I am an existence. My existence is in constant contact and mixture with other existences, and that is an affection. A certain affection, together with a certain idea I have about the existence I am encountered with, produces a certain affect. Finally, that affect either increases or decreases my force of existing/power of acting.

March 20th

Yesterday I got very much immersed into understanding the relation and differentiation of the terms – idea, affection an affect. This research took me deep into the field of philosophy and consequently it brought me to the point of introvert deduction of what that all means for me personally.

Today I would like to, so to say, zoom out and apply these introverted thoughts onto a phenomenon of performing arts, and dance as being so.

There is something about performing arts and dance in particular that astonishes me, has a certain overwhelming effect on me, and to use the current terminology it has an affect of increasing my force of existence and power of acting.

First of all, this sensation comes out of understanding how many aspects of human existence performing arts comprise. Somehow, I feel that everything is there – physical, psychological, philosophical, sociological, cultural, intellectual, spiritual, political, ideological aspects – all aspects coming together, and at the same time always leaving the possibility to devote the intention to only one aspect to be thoroughly examined. Beautiful! Beautiful but at the same time very challenging.

This thought came to my mind many times and now once again has been crystalized while I was reading the given text about the reconstruction of dance from an affect-technique-discourse relation point of view.

What can be seen as a ‘simple’ act or recreating a certain dance, as in the example of Nachbar’s reconstruction of Hoyer’s ‘Affecto Humanus’ dances, can also become an ‘investigation’ of interconnectedness of many complex concepts that radiate from and penetrate in all aspects of artistic creation, and even more, all human existence.

Nachbar chooses a specific dance piece to recreate. That specific dance piece ‘Affecto Humanus’ already implies to some philosophical concepts such as ‘affect’. Concept of affect takes us to the term ‘idea’. This has a potential to take to more detailed research about what idea is, where the idea about something comes from, and how are the ideas about something constructed in one’s mind in the first place. That thought can then take us to a sociological, or even ideological, research of how our consciousness is constructed by external forces outside of our direct control. Furthermore, this can go so far that we can end up researching all historical and political conditions in which those dances have been created and later on recreated.

Also, instead of approaching the given example macroscopically, the opposite direction is equally prolific. This approach is the one that I somehow recognize in the given text. The approach inside of a bodily framework – how one body is affected by another, and how technique is in a way a tool and the bridge between this affection and representation. This again, can take us to think how a certain dance technique constructs the body making it capable or incapable to represent something. Also, this approach can bring us to examine this process of affection and affect through psychological-physical relation – how does one think its own body, how does one perceive other’s body, how does this effect the act of performing, act of practicing, act of inscribing the technique, and so on, an so on.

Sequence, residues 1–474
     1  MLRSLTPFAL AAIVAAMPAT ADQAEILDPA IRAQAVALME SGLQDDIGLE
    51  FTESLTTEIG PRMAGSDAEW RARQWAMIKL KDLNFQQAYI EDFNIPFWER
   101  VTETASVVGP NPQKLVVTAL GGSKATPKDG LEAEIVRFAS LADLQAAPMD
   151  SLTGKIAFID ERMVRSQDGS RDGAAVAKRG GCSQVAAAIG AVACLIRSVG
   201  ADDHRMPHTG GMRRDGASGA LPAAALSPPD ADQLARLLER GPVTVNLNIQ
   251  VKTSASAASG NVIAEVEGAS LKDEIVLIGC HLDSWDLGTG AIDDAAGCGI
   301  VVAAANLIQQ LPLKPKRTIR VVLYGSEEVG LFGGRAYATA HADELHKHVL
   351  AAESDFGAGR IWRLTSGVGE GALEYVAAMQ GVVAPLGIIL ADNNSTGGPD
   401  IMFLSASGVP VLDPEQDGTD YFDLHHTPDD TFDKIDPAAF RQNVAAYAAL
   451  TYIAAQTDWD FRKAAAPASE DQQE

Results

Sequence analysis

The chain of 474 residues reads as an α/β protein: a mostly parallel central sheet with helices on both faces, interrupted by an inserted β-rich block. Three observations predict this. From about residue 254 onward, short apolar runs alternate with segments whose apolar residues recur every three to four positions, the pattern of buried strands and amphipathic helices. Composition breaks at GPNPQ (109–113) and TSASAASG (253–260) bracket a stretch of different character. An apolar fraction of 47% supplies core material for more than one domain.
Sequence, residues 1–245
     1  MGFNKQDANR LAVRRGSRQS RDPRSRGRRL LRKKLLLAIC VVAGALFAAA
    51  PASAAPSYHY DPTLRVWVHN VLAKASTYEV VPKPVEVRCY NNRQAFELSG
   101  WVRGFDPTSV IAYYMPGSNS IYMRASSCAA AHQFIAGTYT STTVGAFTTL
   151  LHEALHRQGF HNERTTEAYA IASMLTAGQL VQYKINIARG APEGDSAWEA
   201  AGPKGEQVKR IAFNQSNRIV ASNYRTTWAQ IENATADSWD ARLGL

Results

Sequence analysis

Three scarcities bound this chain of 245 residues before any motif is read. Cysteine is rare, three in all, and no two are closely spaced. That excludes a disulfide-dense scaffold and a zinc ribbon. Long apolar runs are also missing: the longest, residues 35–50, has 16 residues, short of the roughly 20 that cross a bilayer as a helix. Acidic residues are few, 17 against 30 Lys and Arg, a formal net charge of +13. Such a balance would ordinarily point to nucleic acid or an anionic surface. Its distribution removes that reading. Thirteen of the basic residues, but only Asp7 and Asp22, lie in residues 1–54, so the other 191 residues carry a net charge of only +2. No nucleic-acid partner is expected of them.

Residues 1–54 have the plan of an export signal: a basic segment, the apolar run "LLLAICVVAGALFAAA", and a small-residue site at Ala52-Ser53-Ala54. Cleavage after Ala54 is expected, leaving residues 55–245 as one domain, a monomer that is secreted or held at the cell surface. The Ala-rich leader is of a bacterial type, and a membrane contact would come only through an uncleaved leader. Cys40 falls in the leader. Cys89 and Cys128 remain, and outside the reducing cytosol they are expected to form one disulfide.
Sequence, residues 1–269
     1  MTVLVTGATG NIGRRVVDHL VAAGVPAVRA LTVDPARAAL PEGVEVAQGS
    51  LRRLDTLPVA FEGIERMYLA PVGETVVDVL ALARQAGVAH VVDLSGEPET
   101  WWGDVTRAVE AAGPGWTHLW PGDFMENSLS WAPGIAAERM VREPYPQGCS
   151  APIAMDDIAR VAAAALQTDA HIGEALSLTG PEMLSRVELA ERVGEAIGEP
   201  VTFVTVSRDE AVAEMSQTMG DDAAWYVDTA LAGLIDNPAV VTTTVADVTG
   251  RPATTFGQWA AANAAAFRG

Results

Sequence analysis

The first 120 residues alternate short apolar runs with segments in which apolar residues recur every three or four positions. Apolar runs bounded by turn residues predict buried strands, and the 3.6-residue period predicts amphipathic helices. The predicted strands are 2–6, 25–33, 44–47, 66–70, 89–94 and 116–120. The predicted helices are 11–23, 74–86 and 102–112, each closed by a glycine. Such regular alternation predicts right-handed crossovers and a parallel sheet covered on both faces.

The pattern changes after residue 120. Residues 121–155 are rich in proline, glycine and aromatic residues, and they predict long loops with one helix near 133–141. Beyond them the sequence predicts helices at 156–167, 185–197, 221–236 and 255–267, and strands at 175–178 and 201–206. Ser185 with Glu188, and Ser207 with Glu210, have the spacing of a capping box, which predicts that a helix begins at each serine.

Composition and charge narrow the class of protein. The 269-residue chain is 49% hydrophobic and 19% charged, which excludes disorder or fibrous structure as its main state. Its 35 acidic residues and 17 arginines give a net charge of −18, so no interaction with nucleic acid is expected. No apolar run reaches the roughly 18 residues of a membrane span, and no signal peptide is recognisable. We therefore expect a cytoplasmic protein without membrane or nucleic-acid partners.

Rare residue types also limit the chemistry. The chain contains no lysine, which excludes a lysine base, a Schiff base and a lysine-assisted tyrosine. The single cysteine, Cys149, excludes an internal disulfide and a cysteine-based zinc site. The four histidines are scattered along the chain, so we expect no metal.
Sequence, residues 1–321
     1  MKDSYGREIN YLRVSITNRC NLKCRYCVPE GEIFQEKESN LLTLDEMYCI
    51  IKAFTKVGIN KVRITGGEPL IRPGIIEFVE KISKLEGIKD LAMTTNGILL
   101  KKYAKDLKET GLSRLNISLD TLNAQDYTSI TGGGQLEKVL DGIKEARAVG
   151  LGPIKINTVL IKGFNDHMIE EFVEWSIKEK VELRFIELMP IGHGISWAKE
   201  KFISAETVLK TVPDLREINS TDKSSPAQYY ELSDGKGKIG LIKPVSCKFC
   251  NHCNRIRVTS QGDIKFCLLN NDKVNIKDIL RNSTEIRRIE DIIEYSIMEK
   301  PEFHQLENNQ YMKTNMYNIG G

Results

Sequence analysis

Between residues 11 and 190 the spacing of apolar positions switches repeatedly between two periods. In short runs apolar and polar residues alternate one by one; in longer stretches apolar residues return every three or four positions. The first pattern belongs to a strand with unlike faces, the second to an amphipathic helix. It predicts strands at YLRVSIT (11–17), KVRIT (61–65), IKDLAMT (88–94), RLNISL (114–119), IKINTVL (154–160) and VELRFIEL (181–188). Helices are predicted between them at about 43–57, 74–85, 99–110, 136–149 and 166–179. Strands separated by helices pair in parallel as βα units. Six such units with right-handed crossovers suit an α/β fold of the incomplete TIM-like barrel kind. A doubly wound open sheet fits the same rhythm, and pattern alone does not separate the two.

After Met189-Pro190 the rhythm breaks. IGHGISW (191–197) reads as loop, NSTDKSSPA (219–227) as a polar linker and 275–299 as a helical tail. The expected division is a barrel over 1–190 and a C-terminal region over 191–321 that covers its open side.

And then there is, in my opinion, one additional level that is maybe most elusive and that can never be fully externally expressed by any conventional means of human communication – a level of subjective conscious experience (of performing, of dance).

Today I will enclose my writing with the following thought:

To think dance (especially as a performing art) means to enter an infinite space of most freedom of thoughts. By freedom I am implying to all these possible approaches that have roughly been sketched above. But there is something that comes with that freedom, and that for me seems to be of utmost importance. This freedom should not be taken lightly because it also brings a certain responsibility. The responsibility to think, to cultivate this freedom by constantly and consciously indulging oneself with the act of thinking. And same as everything in this world this responsibility has to be felt as one’s own essential necessity in order to have true value.

March 21st

After many sunny and warm days, today is raining… It is interesting to notice, and this writing task gives an opportunity to express this in words as well, how new information and knowledge collected in pas few days alters the perception of a simple rainy day… Before I would probably just notice that gloomy rainy day makes me a bit more inert, but now I have a new perspective on that state… Now I would to say that the rain has an affection on me that produces an affect of decreased force of existing or power of acting… this, once again, makes me conscious of how every new knowledge, if allowed to do so, alters my own existence… when new things are embraced in a conscious and thoughtful way, they always have a potential to open new realities, they have a potential to produce change…